On Friday, the Bureau of Labor Statistics released new data, showing 65,000 of the 120,000 jobs gained last month went to women. While I welcome this news, I would like to take a step back and examine the full picture before celebrating. The numbers also show that 339,000 women have dropped out of the labor market and the gender job gap remains at 1.5 million jobs.

During what has been an extended recovery from the recent economic crisis, men have gained a significantly larger  number of jobs than women. Since October of 2009, when men and women showed similar total job numbers, men have gained over 1.5 million more jobs than women, according to IWPR. In fact, just in the past year, women have filled only 30 percent of the 1.6 million jobs added to payrolls.

Women Abandoned Job Market

As a college student during final exams week, these statistics leave me deflated. It’s hard to stay motivated during sleepless nights in the library, working towards a degree and a profession, with these numbers looming over my head. The outlook for anyone to find a job after college is not good and for me, as a woman, it may be even worse. Once in the job market, women also face a gender wage gap that can cut deeply into their lifetime earnings—leaving them behind in their retirement years.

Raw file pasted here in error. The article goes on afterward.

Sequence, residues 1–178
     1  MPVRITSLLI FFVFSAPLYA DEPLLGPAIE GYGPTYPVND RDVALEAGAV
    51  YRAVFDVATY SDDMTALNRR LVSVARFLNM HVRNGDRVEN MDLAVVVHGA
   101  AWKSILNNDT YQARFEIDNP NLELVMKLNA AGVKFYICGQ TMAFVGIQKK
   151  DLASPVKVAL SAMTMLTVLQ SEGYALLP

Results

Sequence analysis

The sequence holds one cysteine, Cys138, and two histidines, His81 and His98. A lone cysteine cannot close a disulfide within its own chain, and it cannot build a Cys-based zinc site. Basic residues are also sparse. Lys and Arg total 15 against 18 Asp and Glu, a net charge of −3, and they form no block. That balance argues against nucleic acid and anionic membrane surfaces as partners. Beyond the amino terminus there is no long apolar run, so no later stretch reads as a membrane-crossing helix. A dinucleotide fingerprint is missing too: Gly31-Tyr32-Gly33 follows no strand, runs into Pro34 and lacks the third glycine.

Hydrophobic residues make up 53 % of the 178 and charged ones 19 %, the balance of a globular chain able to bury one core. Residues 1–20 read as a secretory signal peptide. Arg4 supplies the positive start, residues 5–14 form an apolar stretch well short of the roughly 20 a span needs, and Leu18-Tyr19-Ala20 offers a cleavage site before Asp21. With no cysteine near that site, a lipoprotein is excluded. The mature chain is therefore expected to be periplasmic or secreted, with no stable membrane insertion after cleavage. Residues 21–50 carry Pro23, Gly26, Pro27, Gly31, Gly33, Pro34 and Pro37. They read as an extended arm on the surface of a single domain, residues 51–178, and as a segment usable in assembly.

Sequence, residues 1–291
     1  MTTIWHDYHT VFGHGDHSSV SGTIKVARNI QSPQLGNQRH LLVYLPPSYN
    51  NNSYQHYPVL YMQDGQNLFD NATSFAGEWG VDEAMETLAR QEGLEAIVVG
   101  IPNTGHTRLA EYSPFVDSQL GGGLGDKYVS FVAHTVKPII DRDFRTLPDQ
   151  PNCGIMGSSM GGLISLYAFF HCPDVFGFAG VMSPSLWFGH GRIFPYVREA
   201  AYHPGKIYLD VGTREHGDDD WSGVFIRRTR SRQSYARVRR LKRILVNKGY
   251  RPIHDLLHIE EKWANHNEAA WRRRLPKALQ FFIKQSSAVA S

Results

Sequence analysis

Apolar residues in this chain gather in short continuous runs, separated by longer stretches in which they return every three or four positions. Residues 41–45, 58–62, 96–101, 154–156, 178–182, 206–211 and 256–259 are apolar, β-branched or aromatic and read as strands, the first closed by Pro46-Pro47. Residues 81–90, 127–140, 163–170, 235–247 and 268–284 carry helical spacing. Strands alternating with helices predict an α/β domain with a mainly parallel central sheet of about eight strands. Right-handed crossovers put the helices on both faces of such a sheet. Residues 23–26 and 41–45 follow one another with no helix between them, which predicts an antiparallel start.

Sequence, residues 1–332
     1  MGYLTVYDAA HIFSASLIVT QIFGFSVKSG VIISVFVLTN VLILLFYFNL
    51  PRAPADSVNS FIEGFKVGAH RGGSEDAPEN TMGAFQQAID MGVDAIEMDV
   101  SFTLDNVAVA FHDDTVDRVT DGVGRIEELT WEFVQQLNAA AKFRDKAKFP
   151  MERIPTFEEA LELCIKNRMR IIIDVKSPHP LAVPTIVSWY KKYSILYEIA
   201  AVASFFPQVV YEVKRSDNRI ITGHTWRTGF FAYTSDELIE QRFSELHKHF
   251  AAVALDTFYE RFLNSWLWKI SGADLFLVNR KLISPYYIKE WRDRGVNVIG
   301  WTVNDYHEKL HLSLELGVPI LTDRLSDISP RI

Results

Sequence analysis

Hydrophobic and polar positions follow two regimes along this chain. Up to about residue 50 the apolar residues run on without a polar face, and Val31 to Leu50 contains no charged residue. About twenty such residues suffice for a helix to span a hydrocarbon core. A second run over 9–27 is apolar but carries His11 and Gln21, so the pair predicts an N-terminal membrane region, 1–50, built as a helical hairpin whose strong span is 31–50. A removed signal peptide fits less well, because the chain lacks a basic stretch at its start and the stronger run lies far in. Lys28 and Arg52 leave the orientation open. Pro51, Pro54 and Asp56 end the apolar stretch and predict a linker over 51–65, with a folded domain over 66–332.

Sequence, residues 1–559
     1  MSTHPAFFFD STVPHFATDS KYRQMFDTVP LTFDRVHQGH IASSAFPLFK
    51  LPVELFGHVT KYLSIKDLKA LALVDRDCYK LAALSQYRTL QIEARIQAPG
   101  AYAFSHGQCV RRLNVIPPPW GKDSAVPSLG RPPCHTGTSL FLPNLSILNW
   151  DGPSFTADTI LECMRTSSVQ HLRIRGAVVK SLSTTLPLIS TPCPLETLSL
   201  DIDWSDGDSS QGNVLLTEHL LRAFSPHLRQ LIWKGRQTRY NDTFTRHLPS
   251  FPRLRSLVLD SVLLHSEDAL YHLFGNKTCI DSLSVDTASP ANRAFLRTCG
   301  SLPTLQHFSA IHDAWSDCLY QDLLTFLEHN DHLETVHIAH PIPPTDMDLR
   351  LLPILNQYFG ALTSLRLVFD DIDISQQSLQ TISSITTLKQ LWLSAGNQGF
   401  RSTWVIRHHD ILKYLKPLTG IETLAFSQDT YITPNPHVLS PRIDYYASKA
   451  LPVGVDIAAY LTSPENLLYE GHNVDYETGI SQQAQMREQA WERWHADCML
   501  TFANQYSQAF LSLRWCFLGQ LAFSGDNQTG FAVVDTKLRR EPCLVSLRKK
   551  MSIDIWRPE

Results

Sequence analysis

I’m not alone in this discouragement. According to BLS data, from October to November, 339,000 women stopped looking for work and dropped out of the labor market. Meanwhile, 23,000 men starting working or combing the classifieds for job postings. This could be a cause for some of the apparent improvement in unemployment rates (which fell for both women and men).